FIRST THOUGHT: Global Crisis
One of my good friends discovered that her colleague had been charged and pled guilty to domestic abuse. The details scared her, but the company dragged its heels to react. Some wondered why domestic violence would affect this guy’s thriving professional life. If you’re a person, which I think you are, you probably understand that nothing is that compartmentalized. One report has determined that more than half of mass shootings are carried out by individuals who have killed a partner or relative. It’s a harrowing fact, so why are we still hesitant to speak up about our safety in the workplace?
WOMEN IN NUMBERS: 1 in 3
Across the world, women and girls are recipients of violence. In fact, a 2013 study found that 1 in 3 women will experience it. Intimate partners account for more than half of women’s murders, compared to 6 percent of men being killed by partners. Some identifying characteristics of an abusive relationship include coercion and threats; minimizing or denying a situation; using jealousy as justification; and using children to manipulate or control.
WOMAN TO WATCH: Toyin Saraki, Founder & President of The Wellbeing Foundation ofAfrica
While we often think violence is something that happens to other people—not in our neighborhood, our family, our workplace—it does happen everywhere. Being aware and advocating on behalf of yourself and others is critical to protecting and empowering women.
When Toyin Saraki started The Wellbeing Foundation of Africa 15 years ago, her mission was big: to improve the health outcomes of women and their children. What that means is in her country of Nigeria, Toyin must improve education, tackle issues of violence and discrimination, and lower maternal mortality.
It’s a big, big job. There’s a reason why she’s been doing it for years: it’s working. Toyin is often described as the wife to the President of the Senate of Nigeria and the mother to four children, but she’s making her way to being one of the world’s most tenacious philanthropists. She had a royal upbringing, as the daughter of an aristocrat. Following an education in the UK, she returned to her home country.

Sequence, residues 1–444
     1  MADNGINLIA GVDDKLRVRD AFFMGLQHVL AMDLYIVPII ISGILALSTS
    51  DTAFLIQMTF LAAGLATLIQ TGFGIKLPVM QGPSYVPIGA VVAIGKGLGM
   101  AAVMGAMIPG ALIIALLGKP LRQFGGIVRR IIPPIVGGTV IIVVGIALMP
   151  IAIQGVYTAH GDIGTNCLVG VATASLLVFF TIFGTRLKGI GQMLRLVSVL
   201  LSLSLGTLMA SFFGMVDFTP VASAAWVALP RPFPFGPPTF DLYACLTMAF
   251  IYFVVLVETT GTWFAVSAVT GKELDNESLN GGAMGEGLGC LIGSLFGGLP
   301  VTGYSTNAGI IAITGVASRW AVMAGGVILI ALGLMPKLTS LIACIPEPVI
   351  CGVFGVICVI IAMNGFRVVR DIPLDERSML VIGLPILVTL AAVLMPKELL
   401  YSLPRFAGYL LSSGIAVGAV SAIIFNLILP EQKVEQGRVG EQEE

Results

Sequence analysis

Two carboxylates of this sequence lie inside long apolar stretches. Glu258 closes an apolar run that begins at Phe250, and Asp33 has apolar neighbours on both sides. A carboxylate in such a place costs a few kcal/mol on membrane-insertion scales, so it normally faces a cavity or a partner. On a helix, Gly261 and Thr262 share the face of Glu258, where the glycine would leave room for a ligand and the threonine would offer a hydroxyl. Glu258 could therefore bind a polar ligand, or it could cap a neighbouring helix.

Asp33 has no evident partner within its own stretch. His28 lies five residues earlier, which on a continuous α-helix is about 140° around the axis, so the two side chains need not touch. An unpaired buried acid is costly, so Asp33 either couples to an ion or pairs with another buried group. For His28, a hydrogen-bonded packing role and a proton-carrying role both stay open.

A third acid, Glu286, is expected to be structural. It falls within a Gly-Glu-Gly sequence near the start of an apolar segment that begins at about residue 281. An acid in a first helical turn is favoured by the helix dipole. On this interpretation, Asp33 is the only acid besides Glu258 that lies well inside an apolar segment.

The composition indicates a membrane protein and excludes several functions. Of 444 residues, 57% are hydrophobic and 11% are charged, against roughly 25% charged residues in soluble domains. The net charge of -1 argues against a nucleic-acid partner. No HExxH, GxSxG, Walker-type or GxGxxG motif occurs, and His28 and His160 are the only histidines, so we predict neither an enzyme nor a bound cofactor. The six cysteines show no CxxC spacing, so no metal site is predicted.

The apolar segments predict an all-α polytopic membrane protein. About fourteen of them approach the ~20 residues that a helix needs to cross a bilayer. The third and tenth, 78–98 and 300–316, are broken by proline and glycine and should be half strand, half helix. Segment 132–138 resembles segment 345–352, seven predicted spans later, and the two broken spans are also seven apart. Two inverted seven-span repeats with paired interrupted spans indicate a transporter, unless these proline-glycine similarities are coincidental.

Now, Toyin is advocating for healthcare for all, as Nigeria’s population grows and health challenges emerge. An international social enterprise called Devex has called Toyin as a “Health-for-All Champion,” a title and role that Toyin doesn’t take lightly. For example, one of The Wellbeing Foundation’s most effective advocacy campaigns was simply a hashtag: #MaternalMonday. It helps stir up a discussion about immunization, bonding, breastfeeding, and how to raise a baby into a child free of the risks of diminished health or child marriage.
Toyin is doing big stuff. Away from the computer, she offers weekly MamaCare Antenatal Education classes led by a midwife. The class helps Nigerians learn how to prepare for birth and support a mama who’s making it all happen.
Toyin’s push to take care of mothers is part of her nature and part of her role as the global ambassador for the International Confederation of Midwives. Toyin says that for the rest of her life, she will dedicate efforts to supporting midwives, who are some of the most key players in improving health outcomes. Let’s follow in Toyin’s path and speak up for our most vulnerable.
QUITE THE QUOTE
Toyin Saraki said:
“Women must take part in creating policies and legislation that reflect the society they want to live in. …There needs to be a mentality change on what spaces a woman can or cannot occupy.”